The inflationary use of the term fascism has a devaluing effect on all those to whom it is applied. And that could have serious consequences.

The ubiquitous fascism label eschews analysis in favour of moralism, turning a historical comparison into a hysterical one. It serves to demonise others and deepen social divides instead of bridging them. Besides, one of the drivers of this historically ignorant comparison is surely that it allows the accusers to entertain the idea of themselves as the resistance. After all, any opposition to this allegedly omnipresent fascism can bask in the reflected glory of the truly heroic struggles of the past.

This everyday anti-fascism, however, trivialises not only the fearlessness shown particularly by historical resistance movements on the left but also the monstrosity of 20th-century fascism with its millions of victims – the Jews, Communists, Christians, unionists, homosexuals and intellectuals murdered for being ‘inferior’ beings. The inflationary use of the term fascism has a devaluing effect on all those to whom it is applied. And that could have serious consequences: after all, how can anyone be a fascist if everyone is?

Perhaps that’s why the right itself has now borrowed the playbook of fascism accusations. Putin, for instance, claims his disastrous war of aggression is about the ‘denazification’ of Ukraine. George W. Bush saw his ‘war on terror’ as a crusade against ‘Islamo-fascism’. And even Donald Trump railed against the ‘left-wing fascism’ of his opponents.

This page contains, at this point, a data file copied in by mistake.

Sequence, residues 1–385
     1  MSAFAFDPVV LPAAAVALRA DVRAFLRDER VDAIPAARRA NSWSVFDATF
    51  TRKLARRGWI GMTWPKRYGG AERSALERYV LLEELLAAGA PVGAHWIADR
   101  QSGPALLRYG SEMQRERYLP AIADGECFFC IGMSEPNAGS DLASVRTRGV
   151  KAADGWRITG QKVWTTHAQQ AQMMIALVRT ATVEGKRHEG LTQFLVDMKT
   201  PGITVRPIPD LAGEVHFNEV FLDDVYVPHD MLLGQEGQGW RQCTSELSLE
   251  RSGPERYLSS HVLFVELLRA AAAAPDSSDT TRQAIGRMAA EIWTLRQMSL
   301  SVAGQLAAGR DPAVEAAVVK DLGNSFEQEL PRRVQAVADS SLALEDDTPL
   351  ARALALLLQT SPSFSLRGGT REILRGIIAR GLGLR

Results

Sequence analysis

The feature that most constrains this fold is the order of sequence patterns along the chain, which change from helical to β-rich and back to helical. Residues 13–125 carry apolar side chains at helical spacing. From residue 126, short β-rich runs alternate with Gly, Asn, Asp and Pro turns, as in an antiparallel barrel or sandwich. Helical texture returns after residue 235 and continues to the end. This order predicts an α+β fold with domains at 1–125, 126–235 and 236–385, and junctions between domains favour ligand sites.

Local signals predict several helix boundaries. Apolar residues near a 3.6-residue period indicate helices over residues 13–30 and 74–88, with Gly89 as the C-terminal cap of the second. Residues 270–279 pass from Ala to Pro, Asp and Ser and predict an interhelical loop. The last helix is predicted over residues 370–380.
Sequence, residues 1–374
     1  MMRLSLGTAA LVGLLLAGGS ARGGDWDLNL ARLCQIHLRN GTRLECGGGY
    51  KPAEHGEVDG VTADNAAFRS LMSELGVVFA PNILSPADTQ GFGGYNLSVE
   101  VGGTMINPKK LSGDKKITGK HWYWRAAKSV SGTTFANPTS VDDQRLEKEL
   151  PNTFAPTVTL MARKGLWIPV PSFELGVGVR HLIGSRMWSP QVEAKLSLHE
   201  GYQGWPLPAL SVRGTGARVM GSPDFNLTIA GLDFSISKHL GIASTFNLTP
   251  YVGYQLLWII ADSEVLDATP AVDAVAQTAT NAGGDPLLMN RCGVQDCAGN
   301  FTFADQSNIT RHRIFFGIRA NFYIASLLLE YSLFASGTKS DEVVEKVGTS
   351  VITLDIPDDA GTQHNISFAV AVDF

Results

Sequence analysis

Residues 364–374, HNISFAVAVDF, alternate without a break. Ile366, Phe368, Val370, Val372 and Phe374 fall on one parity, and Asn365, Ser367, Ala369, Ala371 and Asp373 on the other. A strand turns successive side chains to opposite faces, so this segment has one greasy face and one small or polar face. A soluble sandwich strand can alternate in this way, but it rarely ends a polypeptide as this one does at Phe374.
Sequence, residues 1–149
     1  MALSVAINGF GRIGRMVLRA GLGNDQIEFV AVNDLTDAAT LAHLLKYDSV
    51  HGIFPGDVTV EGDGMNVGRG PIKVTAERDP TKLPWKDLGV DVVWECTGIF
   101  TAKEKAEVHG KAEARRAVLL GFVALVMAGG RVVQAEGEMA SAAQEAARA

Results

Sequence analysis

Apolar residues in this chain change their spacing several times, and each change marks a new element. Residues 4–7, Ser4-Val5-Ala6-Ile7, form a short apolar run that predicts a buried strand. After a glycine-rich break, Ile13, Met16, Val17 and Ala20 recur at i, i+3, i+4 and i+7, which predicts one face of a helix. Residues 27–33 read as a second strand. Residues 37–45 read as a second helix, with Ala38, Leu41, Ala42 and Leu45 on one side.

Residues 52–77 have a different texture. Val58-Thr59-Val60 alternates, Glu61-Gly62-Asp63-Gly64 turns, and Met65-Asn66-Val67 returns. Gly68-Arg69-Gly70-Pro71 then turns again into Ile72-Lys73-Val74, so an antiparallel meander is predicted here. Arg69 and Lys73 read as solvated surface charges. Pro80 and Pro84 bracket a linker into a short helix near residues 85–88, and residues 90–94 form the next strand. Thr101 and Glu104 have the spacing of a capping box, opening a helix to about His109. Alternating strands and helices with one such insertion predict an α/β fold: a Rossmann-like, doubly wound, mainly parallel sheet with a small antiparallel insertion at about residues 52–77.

It’s a worrying trend given that key liberal democratic values are genuinely facing exceptional threats. Evidence of exaggerated warnings of fascism is not proof that fascism itself is not still present, which is why it is, of course, right that democracies should remain vigilant.

Does it never occur to proponents of such rhetoric that there could be a connection between the careless bandying about of fascism accusations and the rejection of progressive forces by broad swathes of the population?

Misinformation, Robert Misik writes, allied to an exaggeration of aspects of reality and a radical simplification of its complexity is fuelling an ‘us-versus-them polarisation’ that seeks to foment a ‘synthetic war for the public mind’. Quite so. And this is indeed a huge problem for democracy. But it’s a phenomenon seen not only on the far right but also in a good many of those recurrent fascism accusations. After all, ‘exaggeration’ and ‘radical simplification’ can fuel polarisation from both sides.

Does it never occur to proponents of such rhetoric that there could be a connection between the careless bandying about of fascism accusations and the rejection of progressive forces by broad swathes of the population? It’s hard to avoid the impression that outrage over purported fascists is sometimes nothing less than a particular way of expressing disdain for the kind of population groups that once formed left-wing parties’ electorate.

In a world of uncertain energy supplies, recessionary economies and shortages of essential medication, left-wing groups would be well advised to provide convincing responses to voters’ legitimate security concerns. Robert Misik is quite right to point out that ‘hope has a hard time when change can only be imagined as deterioration’, but indiscriminate accusations of fascism are not going to help. They trivialise genuine evil and all too often demonise legitimate fears, they also deepen the division they claim to want to heal. It is high time we bid the fixation on fascism accusations farewell.